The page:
The girl gulped down air. Her lipstick had smudged onto her chin, a bright slash of red against the snow of her skin.
“I thought it was love, once,” she said. “But I was wrong. Officer, you should always be afraid of the Big Bad Wolf.”
She tilted her face to the light. A word fluttered to the Officer’s mind. A word he hadn’t remembered since Sunday School. Seraph. It was an unwieldy word. But looking at this doll, he understood it now. There was something holy and hallowed in the curve of that white throat. He wanted to press his lips to her skin, cradle her wrists like they were living relics. Worship her.
“You see, my Wolf had the loveliest voice and the ritziest house you ever seen. And I went off the path. I was gonna be a movie star, but for him I’d be a wife.”
The man was crying now.
“They all said, ‘don’t trust the wolf.’ But he was no wolf to me. He was my candle in a window frame, all lit up on a silent night. He was the star at the top of the Christmas tree. The glitter of stars off the shoreline.”
“That’s not how it was,” said Wolf. “I loved you first. Thought you were a damn angel. God, I was a sap. But I’m stopping this now.”
“I just wanted to go to the pictures, but he couldn’t stand the thought of being away from me,” said the woman. She inhaled a shuddering breath. “He kept me too close. Said no one could have me. I’ve been all locked up. For ages. Can’t breathe without the wolf’s permission.”
“No one should have you. You’re my curse. I’m tired of you being so hungry.”
“See? He said I eat too much,” she sobbed. “Is it my figure, officer?”
“Not at all,” said the Officer hoarsely. She was glistening with sweat. And her glad rags clung to her slender waist and the tops of her thighs.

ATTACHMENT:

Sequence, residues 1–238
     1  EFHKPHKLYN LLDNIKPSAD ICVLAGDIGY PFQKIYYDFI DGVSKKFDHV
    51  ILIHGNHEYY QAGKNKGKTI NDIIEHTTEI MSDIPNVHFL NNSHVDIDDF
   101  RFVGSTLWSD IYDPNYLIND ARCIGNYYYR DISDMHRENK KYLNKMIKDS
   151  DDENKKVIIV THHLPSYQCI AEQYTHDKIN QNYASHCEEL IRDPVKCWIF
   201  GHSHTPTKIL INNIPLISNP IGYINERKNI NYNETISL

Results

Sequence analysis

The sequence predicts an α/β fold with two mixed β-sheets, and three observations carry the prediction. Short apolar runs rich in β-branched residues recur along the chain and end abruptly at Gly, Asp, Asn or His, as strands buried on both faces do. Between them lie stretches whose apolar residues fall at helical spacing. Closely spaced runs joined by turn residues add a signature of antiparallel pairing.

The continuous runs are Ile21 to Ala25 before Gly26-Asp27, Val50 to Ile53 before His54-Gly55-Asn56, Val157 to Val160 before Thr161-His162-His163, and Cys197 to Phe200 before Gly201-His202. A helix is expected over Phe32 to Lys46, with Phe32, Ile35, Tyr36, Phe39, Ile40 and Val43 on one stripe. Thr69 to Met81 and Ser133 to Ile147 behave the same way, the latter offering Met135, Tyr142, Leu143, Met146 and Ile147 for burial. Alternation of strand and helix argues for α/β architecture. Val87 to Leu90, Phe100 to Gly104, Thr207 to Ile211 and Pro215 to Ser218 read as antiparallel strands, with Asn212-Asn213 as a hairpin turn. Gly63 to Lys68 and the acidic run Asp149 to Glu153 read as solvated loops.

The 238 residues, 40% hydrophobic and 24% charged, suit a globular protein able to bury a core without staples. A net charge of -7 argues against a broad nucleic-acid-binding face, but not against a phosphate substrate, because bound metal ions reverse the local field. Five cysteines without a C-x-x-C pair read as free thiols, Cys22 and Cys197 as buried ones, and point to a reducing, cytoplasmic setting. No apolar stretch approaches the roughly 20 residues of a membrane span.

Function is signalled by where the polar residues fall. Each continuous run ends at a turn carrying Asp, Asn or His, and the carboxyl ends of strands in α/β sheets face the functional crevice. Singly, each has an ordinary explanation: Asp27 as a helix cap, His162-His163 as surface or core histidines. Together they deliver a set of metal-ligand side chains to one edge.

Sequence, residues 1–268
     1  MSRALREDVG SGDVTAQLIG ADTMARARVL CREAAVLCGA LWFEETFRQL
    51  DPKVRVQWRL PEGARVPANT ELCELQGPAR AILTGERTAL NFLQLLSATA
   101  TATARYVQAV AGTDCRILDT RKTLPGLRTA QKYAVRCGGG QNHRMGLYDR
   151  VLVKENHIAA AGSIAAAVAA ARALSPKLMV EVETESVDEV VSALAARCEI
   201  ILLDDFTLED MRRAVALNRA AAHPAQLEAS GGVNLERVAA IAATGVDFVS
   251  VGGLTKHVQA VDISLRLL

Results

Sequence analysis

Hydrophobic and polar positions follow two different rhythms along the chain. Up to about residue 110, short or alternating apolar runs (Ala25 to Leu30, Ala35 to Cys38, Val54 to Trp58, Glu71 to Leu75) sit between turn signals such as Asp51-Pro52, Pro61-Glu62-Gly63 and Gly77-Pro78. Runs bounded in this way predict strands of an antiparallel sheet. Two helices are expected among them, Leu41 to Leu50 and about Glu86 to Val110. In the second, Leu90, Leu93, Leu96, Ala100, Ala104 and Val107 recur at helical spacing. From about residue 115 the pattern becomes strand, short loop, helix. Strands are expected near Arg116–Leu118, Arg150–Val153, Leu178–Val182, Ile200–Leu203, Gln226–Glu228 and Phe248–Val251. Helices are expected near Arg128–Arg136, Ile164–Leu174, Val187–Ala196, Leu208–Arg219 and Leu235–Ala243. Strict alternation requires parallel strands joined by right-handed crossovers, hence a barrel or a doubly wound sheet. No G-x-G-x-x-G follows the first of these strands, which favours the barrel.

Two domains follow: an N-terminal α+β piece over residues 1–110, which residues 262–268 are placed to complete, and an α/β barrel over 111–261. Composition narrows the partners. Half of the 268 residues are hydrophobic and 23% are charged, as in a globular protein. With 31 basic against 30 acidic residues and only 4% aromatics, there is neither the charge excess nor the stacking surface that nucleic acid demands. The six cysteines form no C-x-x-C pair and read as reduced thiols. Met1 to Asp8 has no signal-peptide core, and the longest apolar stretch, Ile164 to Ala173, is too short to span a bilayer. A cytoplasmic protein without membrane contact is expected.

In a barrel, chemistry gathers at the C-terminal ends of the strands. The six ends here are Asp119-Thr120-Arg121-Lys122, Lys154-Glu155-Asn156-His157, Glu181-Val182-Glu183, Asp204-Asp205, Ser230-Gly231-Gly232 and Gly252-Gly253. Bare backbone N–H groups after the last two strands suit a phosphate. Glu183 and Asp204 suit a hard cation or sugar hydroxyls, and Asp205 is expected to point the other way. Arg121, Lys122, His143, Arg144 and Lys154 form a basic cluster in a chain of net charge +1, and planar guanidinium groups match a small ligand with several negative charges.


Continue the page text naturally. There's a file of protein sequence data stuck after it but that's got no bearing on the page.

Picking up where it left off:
“You wanna know why everyone’s so scared of the Wolf?” asked Wolf. “It’s because it can wear so many things. It can wear your mother’s face, use your father’s voice. And if you’re zozzled on dreams and embalmed on want, it can sink its damn fangs into you and never let go. The Wolf loves this place. The lights. The music. The booze.”
The Officer’s brows crumpled. “Aren’t you Wolf?”
He was missing something. The dressing room felt like it was shrinking around him. His skin felt clammy. And yet he couldn’t stop his thoughts. He was thinking of the time he saved his brother from drowning. The way the whole neighborhood back in St. Louis threw him a party. The chocolate cake with strawberry icing. A precious cherry cordial pressed into his palm. They called him a hero. He wanted to get drunk on the glory.
“He is the Wolf!” shouted the woman. “All he ever did was take all that I could give. Isn’t that a wolf to you? Isn’t that what it means to be a beast? To forget how to say thanks?”
“It’s why you love this place,” said the man softly. The Officer stood forgotten. “It’s why you can’t let it go no matter how many times I try and bring you back. Am I not enough? My dreams of piano playing? Are they boring you, doll?”
“Listen to him!” she said, weeping. “He’s mad!”
And the Officer listened. He listened. He listened to his daydreams in the precinct, the fast car chases and zinging city lights, the thanks and praise. The purpose. He listened and then he saw them. Rising up out of his chest, unlocked and teased one by one into the air like so many champagne bubbles.
“You sap,” said the man. His eyes were ringed red. “You should always be afraid of the Big Bad Wolf.”
The Officer’s gun clattered to the ground. The last thing he saw was a woman’s lips close to his face. Fangs unfurling from the black of her mouth. A wolf sucked his dreams from a wound in his heart — that cold gap where reality and dreams splinter — and drank him dry.
The Wolf stood over the broken man in the corner of the dressing room. She dragged her arm over her mouth and pouted.
“Baby, do you got my purse? I can’t go out with my lipstick like this.”
He threw it at her and she caught it.
“One day,” he whispered. “One day, I’ll win.”
She patted his cheek. “That’s the dream that keeps me going. Now c’mon. I wanted dinner and a show. And I hate being late to the pictures.”